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With the James Bond movie Spectre being released today, no time could be better to drink Bollinger. The most suave spy in the world has been sipping on Bollinger since Moonraker in 1979. While we can’t all drive a fully loaded, customized machine gun having Aston Martin, we certainly can chill down a bottle of Bolli! The 2004 Bollinger "Grande Année" Brut Champagne ($109) is as good as Champagne gets; all barrel fermented and full of masculine, Pinot Noir power and high class elegance. We even have a few bottles of the limited 2009 Bollinger "James Bond 007" Brut Champagne ($195) in stock for the diehard fan of Bond & Champagne!

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Tasting with Oliver Krug

Upcoming Events

We host regular weekly and Saturday wine tastings in each K&L location.

For the complete calendar, including lineups and additional details related to our events, visit our K&L Local Events on or follow us on Facebook.  


Visit our events page on Facebook or the K&L Spirits Journal for more information.

>>Upcoming Special Events, Dinners, and Tastings

See all K&L Local Events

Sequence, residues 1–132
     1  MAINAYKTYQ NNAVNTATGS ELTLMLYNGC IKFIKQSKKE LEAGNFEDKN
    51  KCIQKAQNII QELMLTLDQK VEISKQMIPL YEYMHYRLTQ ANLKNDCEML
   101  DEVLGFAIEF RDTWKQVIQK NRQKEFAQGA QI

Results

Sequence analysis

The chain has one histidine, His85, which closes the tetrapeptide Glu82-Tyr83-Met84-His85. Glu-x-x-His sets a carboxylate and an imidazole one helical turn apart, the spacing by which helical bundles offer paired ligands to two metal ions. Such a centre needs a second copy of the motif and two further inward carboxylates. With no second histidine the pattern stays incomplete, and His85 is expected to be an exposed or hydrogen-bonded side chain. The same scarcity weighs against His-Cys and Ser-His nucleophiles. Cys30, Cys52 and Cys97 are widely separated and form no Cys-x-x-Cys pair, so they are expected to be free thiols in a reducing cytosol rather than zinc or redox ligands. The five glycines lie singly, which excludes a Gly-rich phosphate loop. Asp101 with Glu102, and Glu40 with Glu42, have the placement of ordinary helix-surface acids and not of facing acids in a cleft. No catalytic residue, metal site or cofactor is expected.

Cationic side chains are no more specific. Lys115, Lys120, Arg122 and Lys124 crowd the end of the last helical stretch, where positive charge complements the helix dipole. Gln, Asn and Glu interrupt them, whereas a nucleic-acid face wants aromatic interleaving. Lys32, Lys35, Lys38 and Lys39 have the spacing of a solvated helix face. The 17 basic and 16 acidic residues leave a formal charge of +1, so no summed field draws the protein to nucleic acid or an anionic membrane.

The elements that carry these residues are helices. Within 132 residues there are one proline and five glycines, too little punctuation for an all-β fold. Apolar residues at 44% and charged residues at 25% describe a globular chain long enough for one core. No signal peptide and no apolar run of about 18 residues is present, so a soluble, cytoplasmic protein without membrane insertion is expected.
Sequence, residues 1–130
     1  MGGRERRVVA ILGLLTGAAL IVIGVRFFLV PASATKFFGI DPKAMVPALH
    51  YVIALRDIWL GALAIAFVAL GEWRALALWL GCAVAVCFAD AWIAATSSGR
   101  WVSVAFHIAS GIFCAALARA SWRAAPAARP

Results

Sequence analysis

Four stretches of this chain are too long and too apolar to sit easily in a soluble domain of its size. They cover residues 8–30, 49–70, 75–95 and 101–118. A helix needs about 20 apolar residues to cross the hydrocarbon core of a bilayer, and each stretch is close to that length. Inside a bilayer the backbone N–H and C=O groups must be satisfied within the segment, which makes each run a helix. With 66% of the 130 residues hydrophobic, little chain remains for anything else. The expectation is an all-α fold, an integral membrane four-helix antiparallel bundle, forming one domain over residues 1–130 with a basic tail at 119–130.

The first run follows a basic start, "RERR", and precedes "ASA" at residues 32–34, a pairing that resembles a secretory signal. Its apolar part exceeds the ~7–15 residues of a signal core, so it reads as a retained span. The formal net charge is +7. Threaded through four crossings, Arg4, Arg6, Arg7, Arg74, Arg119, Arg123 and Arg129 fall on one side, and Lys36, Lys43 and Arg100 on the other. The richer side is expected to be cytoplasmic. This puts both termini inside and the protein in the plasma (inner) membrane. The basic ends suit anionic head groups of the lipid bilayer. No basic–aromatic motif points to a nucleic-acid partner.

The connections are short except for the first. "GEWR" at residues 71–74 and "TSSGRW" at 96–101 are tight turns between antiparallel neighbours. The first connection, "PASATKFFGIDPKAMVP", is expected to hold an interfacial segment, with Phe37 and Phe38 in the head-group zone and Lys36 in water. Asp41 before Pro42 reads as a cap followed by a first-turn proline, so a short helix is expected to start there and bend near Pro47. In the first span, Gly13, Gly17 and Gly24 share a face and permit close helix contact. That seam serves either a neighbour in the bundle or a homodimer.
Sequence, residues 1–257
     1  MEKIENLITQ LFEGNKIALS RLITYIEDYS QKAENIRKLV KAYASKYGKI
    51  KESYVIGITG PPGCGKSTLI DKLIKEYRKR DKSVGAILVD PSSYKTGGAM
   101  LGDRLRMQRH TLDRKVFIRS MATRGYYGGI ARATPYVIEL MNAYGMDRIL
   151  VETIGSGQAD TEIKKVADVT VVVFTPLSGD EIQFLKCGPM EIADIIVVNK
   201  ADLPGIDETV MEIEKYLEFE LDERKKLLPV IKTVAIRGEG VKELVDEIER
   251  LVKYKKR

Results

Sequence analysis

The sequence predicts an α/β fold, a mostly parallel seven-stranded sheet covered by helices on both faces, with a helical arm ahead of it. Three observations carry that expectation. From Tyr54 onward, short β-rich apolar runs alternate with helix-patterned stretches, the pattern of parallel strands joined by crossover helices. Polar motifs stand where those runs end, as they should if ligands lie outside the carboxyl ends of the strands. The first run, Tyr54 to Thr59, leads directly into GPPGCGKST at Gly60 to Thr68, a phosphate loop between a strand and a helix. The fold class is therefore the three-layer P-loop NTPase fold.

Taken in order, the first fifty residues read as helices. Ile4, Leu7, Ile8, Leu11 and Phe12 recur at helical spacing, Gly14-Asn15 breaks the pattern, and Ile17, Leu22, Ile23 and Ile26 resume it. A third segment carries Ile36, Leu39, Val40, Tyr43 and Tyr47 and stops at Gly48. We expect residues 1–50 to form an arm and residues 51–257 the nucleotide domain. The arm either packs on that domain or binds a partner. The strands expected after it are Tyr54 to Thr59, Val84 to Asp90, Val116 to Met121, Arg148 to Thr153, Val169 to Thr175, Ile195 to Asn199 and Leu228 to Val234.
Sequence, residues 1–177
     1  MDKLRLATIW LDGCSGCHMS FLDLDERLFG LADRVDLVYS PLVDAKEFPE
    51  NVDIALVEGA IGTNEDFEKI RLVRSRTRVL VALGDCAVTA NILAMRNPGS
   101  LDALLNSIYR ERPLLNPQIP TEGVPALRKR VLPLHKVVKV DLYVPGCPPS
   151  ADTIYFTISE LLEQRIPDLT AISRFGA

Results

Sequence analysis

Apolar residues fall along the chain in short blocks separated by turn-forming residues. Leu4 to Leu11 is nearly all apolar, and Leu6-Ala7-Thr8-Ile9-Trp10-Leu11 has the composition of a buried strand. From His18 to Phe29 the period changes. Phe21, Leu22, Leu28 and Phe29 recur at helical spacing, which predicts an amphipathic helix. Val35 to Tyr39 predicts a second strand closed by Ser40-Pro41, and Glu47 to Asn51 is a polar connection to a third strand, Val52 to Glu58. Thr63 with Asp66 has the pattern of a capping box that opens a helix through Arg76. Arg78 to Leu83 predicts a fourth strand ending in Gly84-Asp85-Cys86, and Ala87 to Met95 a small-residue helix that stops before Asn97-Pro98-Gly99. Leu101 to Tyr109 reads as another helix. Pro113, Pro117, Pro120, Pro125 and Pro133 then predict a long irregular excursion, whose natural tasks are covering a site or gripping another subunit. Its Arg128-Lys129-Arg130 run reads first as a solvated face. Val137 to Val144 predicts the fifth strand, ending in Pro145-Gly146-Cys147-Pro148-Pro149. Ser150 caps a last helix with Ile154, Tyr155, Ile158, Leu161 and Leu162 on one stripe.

« Photo Gallery: 2010 K&L Hollywood Champagne Tent Event | Main | Getting to Know: Jim Chanteloup »

Traveling with Wine?

Remember the days when you could get to the airport 20 minutes before your flight, run across the terminal and somehow still catch your plane? You didn't have to take off your shoes, or throw away your bottle of water, and you definitely didn't have to check your bags just because you wanted to bring a bottle or two of wine home for the holidays. Now, not only do you have to wait at baggage claim, but most airlines charge you for the "luxury" of checking luggage, which means those bottles of wine are now at least $25 more expensive.

Well, according to ABC News, researchers at Los Alamos National Laboratory in New Mexico are working on a new scanner for the TSA that could not only determine whether or not the liquids passing through are explosive, but are so sensitive as to determine whether a bottle of wine is red or white. The devices, still in development, are now about the size of a small refrigerator, but are too slow to be practical (taking 15 seconds per scan). The devices are still at least three years away from any "practical application"--which means it might be a while before we can toss that bottle of Chanteduc into your carry-on, but at least it offers a glimmer of hope to the wine-loving traveler.

Leah Greenstein

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